Historically, in China, ‘art outside the art space’ can be understood as both a cultural and a political proposition. From a cultural point of view, the notion of public ‘exhibition’ is entirely Western, whilst in the Chinese tradition of literati art for example, artworks were made, shared, and appreciated within the form of scholarly ‘elegant gathering’ (yaji), which was essentially a kind of private (rather than public) event within secluded (rather than institutional) spaces. From a political perspective, the ‘outside-ness’ immediately relates to the ‘unofficial’ status of contemporary Chinese art from its early development. For example, the first Star Group exhibition in September 1979 – generally acknowledged as the very first show that marked the beginning of contemporary art in China – was staged in a small public park just next to the China National Art Museum, outside the legitimated and official art space. Today, the situation of Chinese art taking place outside the museum and gallery spaces continues, but with a completely different momentum and agenda.
Art has been produced site-specifically for the spaces other than art institutions in China, including those of working venues, shown in a range of alternative spaces beyond galleries or museums, and has ‘happened’ in the public sphere and become political or social ‘events’, or artistic ‘incidents’, as a special form of ‘exhibition’. Creative curatorial and artistic strategies have been developed to respond to the constraints of art institutions, censorships and at the same time, to push the boundaries of art. Focusing on art made, displayed, performed or executed outside the conventional venues of art museums and galleries, this conference not only offers a unique perspective to understand Chinese art in the contemporary context, but also, more importantly, it aims to critically reflect upon the understandings between art and art exhibition, between artistic productions and audience perceptions, and between art and our daily life.
We invite papers from innovative and interdisciplinary perspectives to develop new understandings of Chinese contemporary art. The following series of relationships in the context of Chinese art and culture is seen indicative, but not limited to the discussions:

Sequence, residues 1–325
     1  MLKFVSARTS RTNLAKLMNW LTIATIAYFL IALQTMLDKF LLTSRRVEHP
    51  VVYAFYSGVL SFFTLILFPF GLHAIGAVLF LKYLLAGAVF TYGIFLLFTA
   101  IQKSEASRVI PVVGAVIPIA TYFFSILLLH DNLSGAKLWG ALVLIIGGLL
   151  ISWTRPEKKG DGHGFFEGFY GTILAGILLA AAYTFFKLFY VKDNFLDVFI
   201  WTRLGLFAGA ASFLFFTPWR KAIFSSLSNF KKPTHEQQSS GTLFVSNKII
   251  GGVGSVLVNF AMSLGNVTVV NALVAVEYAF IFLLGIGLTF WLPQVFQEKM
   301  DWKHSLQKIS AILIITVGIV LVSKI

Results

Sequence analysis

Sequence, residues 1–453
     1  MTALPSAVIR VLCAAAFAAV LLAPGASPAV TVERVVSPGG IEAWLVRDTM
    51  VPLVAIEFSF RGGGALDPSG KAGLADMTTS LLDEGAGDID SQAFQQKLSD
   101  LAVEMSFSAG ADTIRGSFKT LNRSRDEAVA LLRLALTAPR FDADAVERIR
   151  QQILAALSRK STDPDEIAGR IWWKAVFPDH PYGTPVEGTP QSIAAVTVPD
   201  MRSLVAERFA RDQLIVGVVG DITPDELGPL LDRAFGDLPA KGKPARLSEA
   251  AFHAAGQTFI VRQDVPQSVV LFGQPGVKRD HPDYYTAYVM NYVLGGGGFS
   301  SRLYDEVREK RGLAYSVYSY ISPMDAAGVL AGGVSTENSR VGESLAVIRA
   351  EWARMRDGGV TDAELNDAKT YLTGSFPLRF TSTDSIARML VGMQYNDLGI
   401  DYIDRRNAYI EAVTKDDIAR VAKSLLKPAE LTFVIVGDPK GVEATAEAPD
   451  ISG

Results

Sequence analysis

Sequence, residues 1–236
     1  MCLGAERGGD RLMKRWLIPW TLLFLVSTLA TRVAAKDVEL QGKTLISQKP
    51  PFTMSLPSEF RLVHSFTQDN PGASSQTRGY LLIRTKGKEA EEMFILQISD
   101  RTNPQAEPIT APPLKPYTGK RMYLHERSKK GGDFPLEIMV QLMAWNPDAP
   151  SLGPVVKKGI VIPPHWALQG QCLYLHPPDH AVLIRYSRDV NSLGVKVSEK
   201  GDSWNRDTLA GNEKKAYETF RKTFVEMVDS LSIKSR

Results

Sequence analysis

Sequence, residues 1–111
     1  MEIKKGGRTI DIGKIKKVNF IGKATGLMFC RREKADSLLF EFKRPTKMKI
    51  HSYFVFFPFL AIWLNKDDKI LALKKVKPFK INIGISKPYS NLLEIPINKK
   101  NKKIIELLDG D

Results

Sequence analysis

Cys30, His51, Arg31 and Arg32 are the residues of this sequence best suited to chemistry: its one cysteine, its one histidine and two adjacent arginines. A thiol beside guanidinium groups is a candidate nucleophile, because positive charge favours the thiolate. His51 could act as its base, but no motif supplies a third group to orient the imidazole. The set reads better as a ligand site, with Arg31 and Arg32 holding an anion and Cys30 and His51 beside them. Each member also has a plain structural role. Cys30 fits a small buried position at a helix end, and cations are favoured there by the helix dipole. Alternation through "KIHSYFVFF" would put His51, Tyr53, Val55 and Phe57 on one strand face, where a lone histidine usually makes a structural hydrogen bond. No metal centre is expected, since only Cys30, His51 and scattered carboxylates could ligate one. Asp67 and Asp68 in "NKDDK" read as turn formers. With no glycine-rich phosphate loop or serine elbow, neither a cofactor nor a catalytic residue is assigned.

Please submit an abstract of up to 300 words, a 100-word biography, contact information and any institutional affiliations, by 31 March 2017 to email@example.com, with a subject titled ‘10th Annual Conference’. Any general queries should also be directed to firstname.lastname@example.org. Conference presentations should last no more than 20 minutes. Successful proposals for conference contributions will be notified in early April 2017. Invited full papers should be completed by 28 February 2018, to be featured in Journal of Contemporary Chinese Art (Intellect) as a special issue in autumn 2018.
Here are this year’s public research seminars by Birmingham Conservatoire. All are welcome to attend.
TUESDAY 14 MARCH
Arena Foyer, Conservatoire
Dr George Kennaway (University of Huddersfield)
Diseased, or Just Vulgar – What is it about Vibrato?
Of all the topics that recur in discussions of historical performance, vibrato remains the most controversial. Whether missing when presumed needed, or present when held to be historically uninformed, it provokes reactions that would never be aroused by, say, contrametric rubato, arpeggiated chords on the piano, or even portamento. In this seminar George Kennaway, Visiting Research Fellow at the University of Huddersfield and professional cellist, looks again at reactions to vibrato and advice on its use from the eighteenth century onwards, not primarily to establish the considerable historical evidence for its restrained use, but rather to explore the feelings surrounding it: vibrato is often criticized as a lack of taste, a disease (or depravity), or as a sign of lower social class. Such terms invite wider speculation about the delimitation of musical discourse. Examples will be drawn from instrumental playing and singing, and reference will be made to modern vibrato controversies as well as historical sources.